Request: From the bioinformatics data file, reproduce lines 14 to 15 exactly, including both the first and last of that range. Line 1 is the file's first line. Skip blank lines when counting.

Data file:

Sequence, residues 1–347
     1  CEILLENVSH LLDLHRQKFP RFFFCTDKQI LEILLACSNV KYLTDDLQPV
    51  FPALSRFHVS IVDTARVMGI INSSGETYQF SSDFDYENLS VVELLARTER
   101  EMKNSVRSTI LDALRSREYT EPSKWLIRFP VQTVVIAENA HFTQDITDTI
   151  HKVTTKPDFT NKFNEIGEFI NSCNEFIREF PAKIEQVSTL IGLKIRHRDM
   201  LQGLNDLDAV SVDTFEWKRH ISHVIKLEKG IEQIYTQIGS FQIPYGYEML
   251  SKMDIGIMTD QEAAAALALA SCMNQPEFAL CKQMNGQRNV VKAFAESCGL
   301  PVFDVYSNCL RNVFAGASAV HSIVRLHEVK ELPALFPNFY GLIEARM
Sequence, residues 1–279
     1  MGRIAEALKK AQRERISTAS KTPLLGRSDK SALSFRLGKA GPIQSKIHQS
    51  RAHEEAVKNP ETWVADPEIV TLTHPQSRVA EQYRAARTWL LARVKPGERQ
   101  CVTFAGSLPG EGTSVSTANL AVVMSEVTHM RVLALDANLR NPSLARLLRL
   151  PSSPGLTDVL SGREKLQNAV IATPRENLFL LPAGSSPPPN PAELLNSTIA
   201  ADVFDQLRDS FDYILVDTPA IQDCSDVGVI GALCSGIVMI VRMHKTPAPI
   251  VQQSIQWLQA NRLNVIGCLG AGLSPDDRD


   201  ADVFDQLRDS FDYILVDTPA IQDCSDVGVI GALCSGIVMI VRMHKTPAPI
   251  VQQSIQWLQA NRLNVIGCLG AGLSPDDRD